Based on the findings of the Justice Management Institute, the Pulaski County Criminal Justice Coordinating Committee identified the need to test and possibly implement a validated Pre-Trial Risk Assessment Tool as a top priority.  This nationally recognized model provides judges with additional resources in their decision-making process without circumventing their judgment.

Pulaski County was recently chosen to participate in the Pretrial Research-Action Site Initiative. Working in partnership with researchers and justice experts, this project provides us an opportunity to improve our pretrial justice system and ensure that incarceration is reserved only for those who jeopardize public safety.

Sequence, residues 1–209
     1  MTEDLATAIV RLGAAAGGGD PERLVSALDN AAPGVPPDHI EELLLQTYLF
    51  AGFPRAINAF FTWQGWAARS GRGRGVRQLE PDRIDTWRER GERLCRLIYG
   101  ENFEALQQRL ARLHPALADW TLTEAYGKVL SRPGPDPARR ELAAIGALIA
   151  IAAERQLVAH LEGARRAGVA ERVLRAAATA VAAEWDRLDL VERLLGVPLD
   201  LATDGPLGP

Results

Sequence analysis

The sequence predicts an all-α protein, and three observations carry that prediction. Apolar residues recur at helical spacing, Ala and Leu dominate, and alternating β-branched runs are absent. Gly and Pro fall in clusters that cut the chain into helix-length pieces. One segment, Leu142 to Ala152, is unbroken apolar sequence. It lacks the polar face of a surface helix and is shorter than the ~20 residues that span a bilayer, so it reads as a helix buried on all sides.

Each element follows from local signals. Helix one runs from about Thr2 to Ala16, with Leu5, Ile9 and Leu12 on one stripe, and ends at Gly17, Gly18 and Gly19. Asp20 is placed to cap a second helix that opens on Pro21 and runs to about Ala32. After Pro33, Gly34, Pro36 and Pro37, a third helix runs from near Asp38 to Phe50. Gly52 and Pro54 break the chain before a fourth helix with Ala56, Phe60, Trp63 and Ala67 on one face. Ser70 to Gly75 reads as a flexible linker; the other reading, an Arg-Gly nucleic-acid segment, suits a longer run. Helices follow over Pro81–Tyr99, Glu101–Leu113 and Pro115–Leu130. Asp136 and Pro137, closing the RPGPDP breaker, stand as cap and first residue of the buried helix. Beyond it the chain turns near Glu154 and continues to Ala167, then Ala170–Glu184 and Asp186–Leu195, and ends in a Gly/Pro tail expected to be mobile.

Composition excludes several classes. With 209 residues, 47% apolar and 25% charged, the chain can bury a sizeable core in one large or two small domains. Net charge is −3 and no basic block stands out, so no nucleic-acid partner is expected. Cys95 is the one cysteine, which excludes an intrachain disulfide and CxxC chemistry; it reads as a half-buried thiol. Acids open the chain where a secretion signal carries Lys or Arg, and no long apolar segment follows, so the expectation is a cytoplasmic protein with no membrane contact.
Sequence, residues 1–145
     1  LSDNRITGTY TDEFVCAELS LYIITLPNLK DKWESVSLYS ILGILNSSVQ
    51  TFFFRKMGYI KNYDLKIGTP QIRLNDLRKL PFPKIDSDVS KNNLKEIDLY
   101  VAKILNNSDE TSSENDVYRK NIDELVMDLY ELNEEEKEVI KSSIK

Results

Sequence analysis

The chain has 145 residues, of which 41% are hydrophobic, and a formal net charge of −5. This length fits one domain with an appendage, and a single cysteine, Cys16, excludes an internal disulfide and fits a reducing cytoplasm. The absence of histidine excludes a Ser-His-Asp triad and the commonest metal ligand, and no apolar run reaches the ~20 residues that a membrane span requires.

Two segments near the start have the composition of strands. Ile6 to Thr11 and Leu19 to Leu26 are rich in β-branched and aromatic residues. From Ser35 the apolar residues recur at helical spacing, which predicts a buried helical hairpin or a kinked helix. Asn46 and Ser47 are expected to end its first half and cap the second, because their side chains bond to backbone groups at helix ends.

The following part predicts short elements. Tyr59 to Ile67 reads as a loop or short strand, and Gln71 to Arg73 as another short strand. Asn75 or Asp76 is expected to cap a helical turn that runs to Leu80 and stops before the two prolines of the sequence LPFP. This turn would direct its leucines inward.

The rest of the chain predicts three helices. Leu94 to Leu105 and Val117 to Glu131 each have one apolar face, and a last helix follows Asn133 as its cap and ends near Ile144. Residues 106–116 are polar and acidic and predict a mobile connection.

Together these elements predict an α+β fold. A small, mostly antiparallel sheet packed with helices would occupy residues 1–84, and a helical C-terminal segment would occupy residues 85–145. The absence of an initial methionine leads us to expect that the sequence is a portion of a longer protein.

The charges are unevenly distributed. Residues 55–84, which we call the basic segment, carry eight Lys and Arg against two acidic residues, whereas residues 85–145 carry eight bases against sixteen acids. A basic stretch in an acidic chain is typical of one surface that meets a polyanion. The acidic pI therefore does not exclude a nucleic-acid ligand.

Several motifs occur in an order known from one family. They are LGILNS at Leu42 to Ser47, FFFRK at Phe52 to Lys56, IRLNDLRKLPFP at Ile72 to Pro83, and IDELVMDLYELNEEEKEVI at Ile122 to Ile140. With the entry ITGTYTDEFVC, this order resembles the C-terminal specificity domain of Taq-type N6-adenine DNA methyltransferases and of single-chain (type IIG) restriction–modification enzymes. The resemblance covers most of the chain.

Just as we are looking to improve outcomes in our criminal justice system, we are equally committed to improving outcomes and adopting best practices within our Juvenile Justice System.

The Pulaski County Juvenile Detention Center has achieved full compliance with the Juvenile Detention Alternatives Initiative and we are actively training staff on best practices and expanding counseling services.    

Additionally Youth Services, in partnership with the Pulaski County Special School District, has been actively involved with implementing Student Teen Courts to advance Juvenile Justice Reform and Preventive Practices amongst peers.   

I am encouraged that change will happen and I am excited to work with our newly elected juvenile judges to improve outcomes and shut off the school to prison pipeline.